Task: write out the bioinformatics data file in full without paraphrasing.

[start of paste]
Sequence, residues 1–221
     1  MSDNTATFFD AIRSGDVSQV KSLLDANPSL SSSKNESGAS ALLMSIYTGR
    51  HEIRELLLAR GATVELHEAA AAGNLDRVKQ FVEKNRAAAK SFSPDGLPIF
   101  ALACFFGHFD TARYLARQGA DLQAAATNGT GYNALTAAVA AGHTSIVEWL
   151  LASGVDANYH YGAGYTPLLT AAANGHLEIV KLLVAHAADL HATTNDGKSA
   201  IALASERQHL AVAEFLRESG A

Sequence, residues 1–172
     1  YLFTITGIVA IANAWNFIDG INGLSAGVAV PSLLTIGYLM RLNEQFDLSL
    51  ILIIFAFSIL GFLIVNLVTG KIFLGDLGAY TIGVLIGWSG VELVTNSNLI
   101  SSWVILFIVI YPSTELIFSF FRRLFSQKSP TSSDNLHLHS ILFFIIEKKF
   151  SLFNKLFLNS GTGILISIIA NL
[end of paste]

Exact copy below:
Sequence, residues 1–221
     1  MSDNTATFFD AIRSGDVSQV KSLLDANPSL SSSKNESGAS ALLMSIYTGR
    51  HEIRELLLAR GATVELHEAA AAGNLDRVKQ FVEKNRAAAK SFSPDGLPIF
   101  ALACFFGHFD TARYLARQGA DLQAAATNGT GYNALTAAVA AGHTSIVEWL
   151  LASGVDANYH YGAGYTPLLT AAANGHLEIV KLLVAHAADL HATTNDGKSA
   201  IALASERQHL AVAEFLRESG A

Sequence, residues 1–172
     1  YLFTITGIVA IANAWNFIDG INGLSAGVAV PSLLTIGYLM RLNEQFDLSL
    51  ILIIFAFSIL GFLIVNLVTG KIFLGDLGAY TIGVLIGWSG VELVTNSNLI
   101  SSWVILFIVI YPSTELIFSF FRRLFSQKSP TSSDNLHLHS ILFFIIEKKF
   151  SLFNKLFLNS GTGILISIIA NL